With land in virtual worlds selling for millions of dollars, NFTs flooding the internet, and Meta (formerly Facebook) employees saying the word “metaverse” over 80 times during a keynote presentation last month, it seems like the metaverse is taking off—or at least buzz around the idea of it is. Is it all hype? Does anyone really understand it? When will it get here, if it hasn’t already?
According to information released this week by chipmaking giant Intel, the metaverse is on its way—but it’s going to take a lot more technology than we currently have to make it a reality, and the company plans to be at the forefront of the effort.
Right now, virtual and game worlds like Second Life, The Sandbox, Roblox, or Decentraland are being conflated with early iterations of the metaverse, but hype aside, we’re actually nowhere near having the technology to build a persistent 3D virtual world. And what does “a persistent 3D virtual world” even mean?
Neal Stephenson’s book Snow Crash, published in 1992, was where the term “metaverse” first appeared; there, it described a 3D virtual world people could visit as avatars; they accessed this virtual world with virtual reality headsets that connected to a “worldwide fiber-optics network.” Another well-known reference is the 2011 book or 2018 movie Ready Player One.
As far as how these fictional accounts translate into real life, the simplest way to describe the metaverse is as a connected network of 3D virtual worlds that is always “on” and happening alongside our real-world lives. Venture capitalist and writer Matthew Ball says we can think of the metaverse as a “quasi-successor state to the mobile internet,” which will build on and transform the internet as we currently experience it.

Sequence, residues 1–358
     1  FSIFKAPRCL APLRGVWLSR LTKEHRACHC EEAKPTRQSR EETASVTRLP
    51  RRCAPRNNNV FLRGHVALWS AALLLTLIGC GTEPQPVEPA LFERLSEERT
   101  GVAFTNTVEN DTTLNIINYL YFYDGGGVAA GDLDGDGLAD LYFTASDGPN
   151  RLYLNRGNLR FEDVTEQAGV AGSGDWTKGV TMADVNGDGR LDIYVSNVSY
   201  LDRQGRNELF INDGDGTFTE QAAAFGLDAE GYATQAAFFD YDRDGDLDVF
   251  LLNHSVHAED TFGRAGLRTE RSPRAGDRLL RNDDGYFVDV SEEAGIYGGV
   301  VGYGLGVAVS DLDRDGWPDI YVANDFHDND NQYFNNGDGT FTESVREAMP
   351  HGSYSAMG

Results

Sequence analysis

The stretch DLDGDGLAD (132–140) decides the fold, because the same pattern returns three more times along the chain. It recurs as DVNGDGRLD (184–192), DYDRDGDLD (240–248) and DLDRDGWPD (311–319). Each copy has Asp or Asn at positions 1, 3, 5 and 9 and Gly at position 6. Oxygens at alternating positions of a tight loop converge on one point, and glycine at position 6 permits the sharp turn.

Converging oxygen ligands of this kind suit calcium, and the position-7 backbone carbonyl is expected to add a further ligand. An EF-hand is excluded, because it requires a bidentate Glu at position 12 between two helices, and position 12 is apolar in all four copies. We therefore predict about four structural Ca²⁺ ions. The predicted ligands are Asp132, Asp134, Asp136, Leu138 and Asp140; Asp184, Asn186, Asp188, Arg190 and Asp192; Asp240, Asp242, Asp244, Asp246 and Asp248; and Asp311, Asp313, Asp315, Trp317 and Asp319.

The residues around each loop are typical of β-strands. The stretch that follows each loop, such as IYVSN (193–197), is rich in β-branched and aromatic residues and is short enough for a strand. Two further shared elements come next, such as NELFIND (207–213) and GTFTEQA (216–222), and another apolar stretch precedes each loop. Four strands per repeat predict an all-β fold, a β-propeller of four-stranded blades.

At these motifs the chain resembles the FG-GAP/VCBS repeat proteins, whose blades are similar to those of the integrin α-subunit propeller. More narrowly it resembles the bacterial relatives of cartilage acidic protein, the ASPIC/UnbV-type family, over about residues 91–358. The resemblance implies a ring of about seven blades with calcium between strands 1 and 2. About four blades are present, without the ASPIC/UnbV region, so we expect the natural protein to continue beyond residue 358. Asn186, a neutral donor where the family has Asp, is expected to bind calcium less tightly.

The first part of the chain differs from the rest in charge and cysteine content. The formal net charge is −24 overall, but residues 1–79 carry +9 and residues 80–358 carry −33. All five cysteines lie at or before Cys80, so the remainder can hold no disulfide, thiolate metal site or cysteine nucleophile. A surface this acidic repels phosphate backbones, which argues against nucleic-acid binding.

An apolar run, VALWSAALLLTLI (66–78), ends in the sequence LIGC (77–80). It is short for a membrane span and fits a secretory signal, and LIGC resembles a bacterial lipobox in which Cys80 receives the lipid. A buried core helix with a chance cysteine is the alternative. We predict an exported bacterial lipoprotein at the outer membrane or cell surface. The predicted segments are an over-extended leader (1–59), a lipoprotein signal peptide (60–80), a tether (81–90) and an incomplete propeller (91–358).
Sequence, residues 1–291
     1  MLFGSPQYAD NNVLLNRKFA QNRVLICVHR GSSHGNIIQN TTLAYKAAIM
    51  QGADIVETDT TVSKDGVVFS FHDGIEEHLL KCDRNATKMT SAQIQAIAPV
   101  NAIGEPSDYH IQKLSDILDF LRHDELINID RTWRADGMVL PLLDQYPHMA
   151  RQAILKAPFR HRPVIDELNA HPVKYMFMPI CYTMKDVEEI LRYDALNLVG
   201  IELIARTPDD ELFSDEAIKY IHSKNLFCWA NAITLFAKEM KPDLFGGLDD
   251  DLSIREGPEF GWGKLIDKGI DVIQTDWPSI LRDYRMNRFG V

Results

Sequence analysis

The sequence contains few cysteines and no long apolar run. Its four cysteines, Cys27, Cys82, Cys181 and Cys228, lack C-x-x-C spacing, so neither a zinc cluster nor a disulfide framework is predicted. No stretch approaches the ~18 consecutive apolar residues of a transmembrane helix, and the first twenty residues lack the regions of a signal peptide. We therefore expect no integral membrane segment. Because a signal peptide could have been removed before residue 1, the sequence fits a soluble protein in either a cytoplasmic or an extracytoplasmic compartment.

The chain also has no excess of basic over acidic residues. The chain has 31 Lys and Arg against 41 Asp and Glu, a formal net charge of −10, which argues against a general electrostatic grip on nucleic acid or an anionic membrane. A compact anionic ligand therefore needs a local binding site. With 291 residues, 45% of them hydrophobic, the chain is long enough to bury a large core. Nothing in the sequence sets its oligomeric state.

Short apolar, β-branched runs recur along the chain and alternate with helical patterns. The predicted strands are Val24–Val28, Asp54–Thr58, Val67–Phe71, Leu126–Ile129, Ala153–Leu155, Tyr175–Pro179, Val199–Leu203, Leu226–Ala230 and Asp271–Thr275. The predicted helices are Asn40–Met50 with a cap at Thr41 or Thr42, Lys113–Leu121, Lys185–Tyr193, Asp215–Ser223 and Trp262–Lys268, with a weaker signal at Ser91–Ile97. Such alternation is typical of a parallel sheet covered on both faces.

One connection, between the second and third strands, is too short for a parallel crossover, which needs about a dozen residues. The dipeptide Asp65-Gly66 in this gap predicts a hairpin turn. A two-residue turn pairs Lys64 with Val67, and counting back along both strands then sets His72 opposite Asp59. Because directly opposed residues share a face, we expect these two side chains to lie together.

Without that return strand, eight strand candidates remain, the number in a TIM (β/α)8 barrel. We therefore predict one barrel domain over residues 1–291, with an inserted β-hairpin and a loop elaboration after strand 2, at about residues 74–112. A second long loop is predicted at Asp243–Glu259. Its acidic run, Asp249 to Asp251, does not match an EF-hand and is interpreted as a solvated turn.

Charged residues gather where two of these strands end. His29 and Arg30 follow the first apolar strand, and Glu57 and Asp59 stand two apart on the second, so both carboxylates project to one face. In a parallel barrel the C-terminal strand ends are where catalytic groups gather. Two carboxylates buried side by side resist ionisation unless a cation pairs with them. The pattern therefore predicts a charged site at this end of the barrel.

“We will constantly be ‘within’ the internet, rather than have access to it, and within the billions of interconnected computers around us,” Ball wrote in his Metaverse Primer. Mark Zuckerberg described the metaverse similarly, calling it “an even more immersive and embodied internet.” Picture this: you strap on a headset or pair of goggles, flick a switch, and boom—you’re still standing in your living room, but you’re also walking through a 3D world as an avatar of yourself, and you can interact with other people who are doing the same thing from their living rooms.
Being constantly within the internet doesn’t sound all that appealing to me personally—in fact, it sounds pretty terrible—but the good news for those with a similar sentiment is that the “full vision” of the metaverse, according to Ball, is still decades away, primarily because of the advances in computing power, networking, and hardware necessary to enable and support it.
In fact, according to Raja Koduri, VP of Intel’s accelerated computing systems and graphics group, powering the metaverse will require a 1,000-fold improvement on the computational infrastructure we have today. “You need to access to petaflops [one thousand teraflops] of computing in less than a millisecond, less than ten milliseconds for real-time uses,” Koduri told Quartz. “Your PCs, your phones, your edge networks, your cell stations that have some compute, and your cloud computing need to be kind of working in conjunction like an orchestra.”
Koduri pointed out in a press release this week that even just to put two people in a realistic virtual environment together requires realistic-looking avatars with detailed and unique clothing, hair, and skin. Giving these avatars real-time speech and motion capabilities means we need sensors that can pick up audio and physical data, including 3D objects in users’ real-world environments. This data then needs to be transferred at high bandwidth with low latency—for hundreds of millions of users at the same time.
Intel says it’s developing chips designed to help power the metaverse, and plans to release a new series of graphics processors early next year. Other key components of the company’s metaverse-focused work include specialized algorithms, an architecture called Xe, and open software development tools and libraries.
It’s uncertain exactly how or when the metaverse will “arrive”; it’s a process that will take place incrementally over years or decades. Koduri, though, is highly optimistic. “We believe that the dream of providing a petaflop of compute power and a petabyte of data within a millisecond of every human on the planet is within our reach,” he wrote.